- #1

oxi

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First, please understand that I'm lacking fundamentals in physics and engineering.

I'm trying to find the maximum pressure a submarine hull can resist. For the sake of simplicity I'm just considering a tube closed with magical caps that keep a different pressure inside and outside.

After much research and a few calculations, I think I've gone wrong somewhere, because I'm getting that a 2m diameter, 2m long steel tube 1cm thick will plastically deform under the pressure at 114m depth only.

From here (http://www.calctool.org/CALC/other/games/depth_press) I'm getting that the pressure at 114m depth is 1.24723 MPa = 1,247,230 Pascals or Newtons/square meter

My magical hull is a tube 2.02m outer diameter and 2m long, again without caps, and keeping the pressure difference, and I guess the inner pressure would be zero. So its surface area should be: D x pi x height = 2.02 x 3.14 x 2 = 12.69m2

That'd mean it's getting a total force exertion of 1,247,230 x 12.69 = 15,827,349 Newtons / 9.8 = 1,615,035 Kg = 1,615 metric tons. (Which seems ridiculously high)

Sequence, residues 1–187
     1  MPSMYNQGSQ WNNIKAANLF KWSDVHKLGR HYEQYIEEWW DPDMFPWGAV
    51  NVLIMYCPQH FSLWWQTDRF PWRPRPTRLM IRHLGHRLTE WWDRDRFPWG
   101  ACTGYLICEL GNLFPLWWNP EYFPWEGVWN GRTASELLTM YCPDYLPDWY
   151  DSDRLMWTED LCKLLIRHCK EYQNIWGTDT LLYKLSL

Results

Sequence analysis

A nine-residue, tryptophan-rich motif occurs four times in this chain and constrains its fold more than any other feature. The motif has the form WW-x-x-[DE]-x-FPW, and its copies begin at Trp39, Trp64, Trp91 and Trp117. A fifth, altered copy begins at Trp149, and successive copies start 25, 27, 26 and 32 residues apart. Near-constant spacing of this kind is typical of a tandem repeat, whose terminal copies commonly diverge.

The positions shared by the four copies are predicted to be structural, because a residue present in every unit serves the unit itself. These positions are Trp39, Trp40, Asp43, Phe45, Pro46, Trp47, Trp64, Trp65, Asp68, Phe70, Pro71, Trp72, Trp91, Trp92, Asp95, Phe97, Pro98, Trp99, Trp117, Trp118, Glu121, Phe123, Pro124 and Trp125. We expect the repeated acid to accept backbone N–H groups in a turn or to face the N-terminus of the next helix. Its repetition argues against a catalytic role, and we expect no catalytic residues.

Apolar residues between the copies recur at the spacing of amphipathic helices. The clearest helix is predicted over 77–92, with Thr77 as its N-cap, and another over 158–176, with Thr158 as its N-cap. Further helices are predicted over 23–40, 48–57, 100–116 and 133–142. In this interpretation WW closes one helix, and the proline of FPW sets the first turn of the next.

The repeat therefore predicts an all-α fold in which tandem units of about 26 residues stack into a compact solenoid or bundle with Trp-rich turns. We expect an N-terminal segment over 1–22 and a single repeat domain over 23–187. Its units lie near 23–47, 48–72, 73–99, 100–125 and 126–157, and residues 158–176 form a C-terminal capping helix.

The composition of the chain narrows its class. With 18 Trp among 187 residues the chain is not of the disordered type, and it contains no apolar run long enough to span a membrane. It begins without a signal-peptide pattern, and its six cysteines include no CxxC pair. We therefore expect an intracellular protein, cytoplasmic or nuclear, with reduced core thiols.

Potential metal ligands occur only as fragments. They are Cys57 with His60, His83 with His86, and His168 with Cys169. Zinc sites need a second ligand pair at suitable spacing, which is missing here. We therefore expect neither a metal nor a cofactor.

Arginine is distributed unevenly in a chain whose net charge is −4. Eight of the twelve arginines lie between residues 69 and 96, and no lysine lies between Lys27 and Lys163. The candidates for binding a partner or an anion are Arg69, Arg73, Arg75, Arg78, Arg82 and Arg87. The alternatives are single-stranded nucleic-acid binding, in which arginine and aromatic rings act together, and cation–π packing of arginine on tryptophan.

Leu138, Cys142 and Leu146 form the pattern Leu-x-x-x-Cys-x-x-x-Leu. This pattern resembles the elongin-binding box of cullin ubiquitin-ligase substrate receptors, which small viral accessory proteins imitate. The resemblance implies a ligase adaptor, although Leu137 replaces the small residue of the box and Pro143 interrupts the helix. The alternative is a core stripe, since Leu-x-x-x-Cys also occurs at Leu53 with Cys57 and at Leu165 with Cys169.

Then I'm calculating the yield moment using this (http://en.wikipedia.org/wiki/Section_modulus#Elastic_section_modulus):

S =

pi x (oD^4 - iD^4)

-----------------------

32 x oD

pi x (2.02^4 - 2^4)

-----------------------

32 x 2.02

3.14 x (16.64 - 16)

------------------------

64.64

S= 0.031

If my hull is made of structural steel its got a yield strength of about 250MPa = 250,000,000 Newtons/square meter

Yield moment = S x yield strength = 0.031 x 250,000,000 = 7,893,642 Newtons/meter / 9.8 = 805,474 Kg/meter

Since my hull is 2m long, it should be able to withstand 1,610,947 Kg before plastic deformation occurs.

Where did I go wrong? And please remember that I have little physics/engineering background, so explain as you would to a child.

Thanks!

P.S.: Sorry for the format, but I can't bother to learn Latex or whatever it's used for writing equations just for one question.